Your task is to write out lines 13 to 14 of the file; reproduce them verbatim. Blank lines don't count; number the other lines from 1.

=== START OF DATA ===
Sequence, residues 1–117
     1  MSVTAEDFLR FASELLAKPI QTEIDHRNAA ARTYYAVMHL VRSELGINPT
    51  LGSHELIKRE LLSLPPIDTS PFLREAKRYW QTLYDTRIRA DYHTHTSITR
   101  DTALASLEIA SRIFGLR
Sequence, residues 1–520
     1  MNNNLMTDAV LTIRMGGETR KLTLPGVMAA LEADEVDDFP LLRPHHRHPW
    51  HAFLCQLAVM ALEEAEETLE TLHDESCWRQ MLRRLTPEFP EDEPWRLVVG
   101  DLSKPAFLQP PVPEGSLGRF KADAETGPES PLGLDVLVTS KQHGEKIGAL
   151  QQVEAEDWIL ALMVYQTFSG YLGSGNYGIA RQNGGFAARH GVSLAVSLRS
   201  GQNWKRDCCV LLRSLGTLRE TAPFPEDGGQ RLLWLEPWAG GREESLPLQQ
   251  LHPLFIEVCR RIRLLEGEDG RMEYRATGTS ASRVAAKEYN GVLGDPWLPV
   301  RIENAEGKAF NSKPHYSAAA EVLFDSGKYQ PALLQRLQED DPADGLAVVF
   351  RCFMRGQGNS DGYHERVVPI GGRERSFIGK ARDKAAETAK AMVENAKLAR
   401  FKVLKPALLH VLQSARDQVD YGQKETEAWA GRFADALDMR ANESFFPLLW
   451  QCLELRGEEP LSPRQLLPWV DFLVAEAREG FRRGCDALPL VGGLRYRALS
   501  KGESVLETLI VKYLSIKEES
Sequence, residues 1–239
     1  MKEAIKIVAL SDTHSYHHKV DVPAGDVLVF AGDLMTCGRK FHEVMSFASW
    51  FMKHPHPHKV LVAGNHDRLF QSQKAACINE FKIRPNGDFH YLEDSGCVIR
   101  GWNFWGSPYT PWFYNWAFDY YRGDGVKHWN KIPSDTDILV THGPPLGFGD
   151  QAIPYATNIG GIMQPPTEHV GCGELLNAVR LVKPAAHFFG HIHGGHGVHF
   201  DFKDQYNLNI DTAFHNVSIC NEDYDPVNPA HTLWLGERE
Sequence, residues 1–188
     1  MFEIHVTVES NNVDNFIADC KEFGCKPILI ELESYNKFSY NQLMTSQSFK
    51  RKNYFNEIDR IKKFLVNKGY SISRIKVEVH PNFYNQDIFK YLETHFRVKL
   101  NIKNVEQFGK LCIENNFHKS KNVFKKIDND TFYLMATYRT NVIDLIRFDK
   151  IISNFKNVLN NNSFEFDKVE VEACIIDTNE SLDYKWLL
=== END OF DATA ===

   351  RCFMRGQGNS DGYHERVVPI GGRERSFIGK ARDKAAETAK AMVENAKLAR
   401  FKVLKPALLH VLQSARDQVD YGQKETEAWA GRFADALDMR ANESFFPLLW